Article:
Irish Cultural Identity Essay Prompt

In 1967 the late F S. L. Lyons published an essay entitled ‘The minority problem in the 26 counties’, defining the minority in the Irish Free State as ‘unionist in politics and mainly protestant in religion’. Since that date the topic has received considerable scholarly attention. Indeed the tendency has been to approach the cultural development of the new state in the years after independence from the point of view of that minority. While this paper does not seek to minimise the significance of the minority’s role in the evolution of the new state, it does seek to question the validity of the perspective produced by an excessive preoccupation with that role. That perspective is most clearly articulated in the published version of Lyons’s Ford lectures, Culture and anarchy in Ireland, 1890-1939. The vision there presented is of an island rent by ‘four irrevocably warring cultures’ (Gaelic, English, Anglo-Irish and Ulster protestant). The cultural history of the Irish Free State in the first decade of independence, it is argued, is best understood as a battle between two of these apparently immutable cultures. In essence this view presents the nineteen-twenties as the decade during which Gaelic and Anglo-Irish Ireland confronted one another in the arenas of language and religion. The images are now fixed.

Irish Historical Studies

Description:Irish Historical Studies, the joint journal of the Irish Historical Society and the Ulster Society for Irish Historical Studies, is published twice yearly (May and November). Established in 1938 under the editorship of T.W. Moody and R. D. Edwards, it publishes (besides articles) select documents, with editorial comment, and lists of theses completed. I.H.S. pioneered the publication of annual lists of writings on Irish history, lists that form the basis for the fully searchable and regularly updated database Irish History Online (, established in 2003.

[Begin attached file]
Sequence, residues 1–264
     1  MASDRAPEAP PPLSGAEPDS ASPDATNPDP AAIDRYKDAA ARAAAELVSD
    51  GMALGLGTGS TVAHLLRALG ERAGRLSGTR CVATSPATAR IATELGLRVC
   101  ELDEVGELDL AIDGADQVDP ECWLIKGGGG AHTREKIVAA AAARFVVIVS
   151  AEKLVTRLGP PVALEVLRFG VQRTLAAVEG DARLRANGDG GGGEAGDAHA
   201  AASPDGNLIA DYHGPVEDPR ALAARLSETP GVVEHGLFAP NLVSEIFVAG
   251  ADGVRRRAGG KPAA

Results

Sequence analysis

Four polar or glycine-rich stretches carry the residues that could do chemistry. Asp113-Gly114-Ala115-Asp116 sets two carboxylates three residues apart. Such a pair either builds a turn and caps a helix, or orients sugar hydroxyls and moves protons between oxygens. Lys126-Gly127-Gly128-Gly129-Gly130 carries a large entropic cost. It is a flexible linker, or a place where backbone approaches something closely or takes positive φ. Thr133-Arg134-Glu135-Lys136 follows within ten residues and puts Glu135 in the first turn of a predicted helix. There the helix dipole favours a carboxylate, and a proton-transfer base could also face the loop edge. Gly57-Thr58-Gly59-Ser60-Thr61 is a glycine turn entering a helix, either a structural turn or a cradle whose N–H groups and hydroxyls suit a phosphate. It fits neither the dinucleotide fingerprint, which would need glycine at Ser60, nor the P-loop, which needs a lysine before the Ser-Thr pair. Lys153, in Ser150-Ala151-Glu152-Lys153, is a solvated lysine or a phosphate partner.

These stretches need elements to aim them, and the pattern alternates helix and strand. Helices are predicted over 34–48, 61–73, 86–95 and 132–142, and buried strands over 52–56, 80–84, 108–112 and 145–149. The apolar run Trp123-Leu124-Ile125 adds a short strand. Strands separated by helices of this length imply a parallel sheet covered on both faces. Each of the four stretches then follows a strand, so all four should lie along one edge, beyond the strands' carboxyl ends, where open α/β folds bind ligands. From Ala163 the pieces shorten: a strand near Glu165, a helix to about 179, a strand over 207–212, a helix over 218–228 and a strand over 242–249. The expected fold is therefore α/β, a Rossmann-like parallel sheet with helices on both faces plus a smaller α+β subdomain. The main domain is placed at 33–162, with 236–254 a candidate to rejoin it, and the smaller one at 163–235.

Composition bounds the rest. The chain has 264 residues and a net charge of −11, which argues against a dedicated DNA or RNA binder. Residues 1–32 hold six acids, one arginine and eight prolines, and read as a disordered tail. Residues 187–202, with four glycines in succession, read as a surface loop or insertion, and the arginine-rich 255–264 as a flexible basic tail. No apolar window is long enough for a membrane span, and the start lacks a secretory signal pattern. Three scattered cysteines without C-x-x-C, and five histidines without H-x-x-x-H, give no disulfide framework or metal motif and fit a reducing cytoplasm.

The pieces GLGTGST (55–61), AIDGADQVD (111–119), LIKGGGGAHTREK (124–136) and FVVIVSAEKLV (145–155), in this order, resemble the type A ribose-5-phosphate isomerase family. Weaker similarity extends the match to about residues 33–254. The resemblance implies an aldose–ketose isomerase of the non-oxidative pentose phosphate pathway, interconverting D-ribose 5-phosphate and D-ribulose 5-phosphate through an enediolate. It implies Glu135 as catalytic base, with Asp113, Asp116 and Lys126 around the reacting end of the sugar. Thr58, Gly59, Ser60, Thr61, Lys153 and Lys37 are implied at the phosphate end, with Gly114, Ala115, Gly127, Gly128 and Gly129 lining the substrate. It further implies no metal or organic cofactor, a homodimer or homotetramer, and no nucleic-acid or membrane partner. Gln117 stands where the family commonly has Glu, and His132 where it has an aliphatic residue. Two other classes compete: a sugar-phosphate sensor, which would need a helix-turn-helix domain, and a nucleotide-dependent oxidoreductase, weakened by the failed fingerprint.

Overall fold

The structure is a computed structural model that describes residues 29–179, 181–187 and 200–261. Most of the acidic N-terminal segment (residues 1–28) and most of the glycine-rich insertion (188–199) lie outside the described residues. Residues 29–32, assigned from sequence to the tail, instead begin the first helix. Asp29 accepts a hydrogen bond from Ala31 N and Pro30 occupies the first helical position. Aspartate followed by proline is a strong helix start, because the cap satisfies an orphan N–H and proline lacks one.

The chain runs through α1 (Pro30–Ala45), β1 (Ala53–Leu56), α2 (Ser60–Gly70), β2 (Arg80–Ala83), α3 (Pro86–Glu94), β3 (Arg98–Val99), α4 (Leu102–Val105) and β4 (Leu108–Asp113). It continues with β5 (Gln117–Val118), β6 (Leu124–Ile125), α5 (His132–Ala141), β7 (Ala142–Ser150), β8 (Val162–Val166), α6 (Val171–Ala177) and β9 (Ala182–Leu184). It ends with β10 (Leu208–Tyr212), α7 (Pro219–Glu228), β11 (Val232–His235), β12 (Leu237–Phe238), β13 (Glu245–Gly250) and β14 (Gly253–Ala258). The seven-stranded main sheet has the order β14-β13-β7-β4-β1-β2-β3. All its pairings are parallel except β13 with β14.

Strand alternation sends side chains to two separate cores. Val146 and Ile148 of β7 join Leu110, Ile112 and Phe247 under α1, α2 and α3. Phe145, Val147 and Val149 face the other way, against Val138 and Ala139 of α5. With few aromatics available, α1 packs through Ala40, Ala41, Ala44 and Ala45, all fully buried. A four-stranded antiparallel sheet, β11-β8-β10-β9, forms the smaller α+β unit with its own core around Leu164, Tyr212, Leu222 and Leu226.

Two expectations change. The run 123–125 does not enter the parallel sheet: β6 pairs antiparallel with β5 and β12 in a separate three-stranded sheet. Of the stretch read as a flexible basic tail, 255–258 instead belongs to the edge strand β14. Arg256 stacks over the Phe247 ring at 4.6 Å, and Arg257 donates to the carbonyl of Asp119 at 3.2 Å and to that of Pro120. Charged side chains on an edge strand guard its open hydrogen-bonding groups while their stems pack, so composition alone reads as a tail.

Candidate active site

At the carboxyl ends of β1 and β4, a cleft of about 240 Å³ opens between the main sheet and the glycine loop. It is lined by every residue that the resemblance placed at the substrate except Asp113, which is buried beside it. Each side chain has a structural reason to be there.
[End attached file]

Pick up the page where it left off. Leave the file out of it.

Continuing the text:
The current editors are Dr Mary Ann Lyons (Department of History, St Patrick's College, Drumcondra, Dublin 9) and Dr Fearghal McGarry (School of History and Anthropology, Queen's University, Belfast, BT7 1PA). Articles may be sent to Dr Lyons, and books for review to Dr McGarry. Business/subscription enquiries should go to Dr W. Vaughan, Department of History, Trinity College, Dublin 2.

Coverage: 1938-2012 (Vol. 1, No. 1 - Vol. 38, No. 150)

Moving Wall: 5 years (What is the moving wall?)

The "moving wall" represents the time period between the last issue available in JSTOR and the most recently published issue of a journal. Moving walls are generally represented in years. In rare instances, a publisher has elected to have a "zero" moving wall, so their current issues are available in JSTOR shortly after publication.
Note: In calculating the moving wall, the current year is not counted.
For example, if the current year is 2008 and a journal has a 5 year moving wall, articles from the year 2002 are available.

Terms Related to the Moving Wall
Fixed walls: Journals with no new volumes being added to the archive.
Absorbed: Journals that are combined with another title.
Complete: Journals that are no longer published or that have been combined with another title.

ISSN: 00211214

Subjects: History, Irish Studies, History, Area Studies

Collections: Ireland Collection


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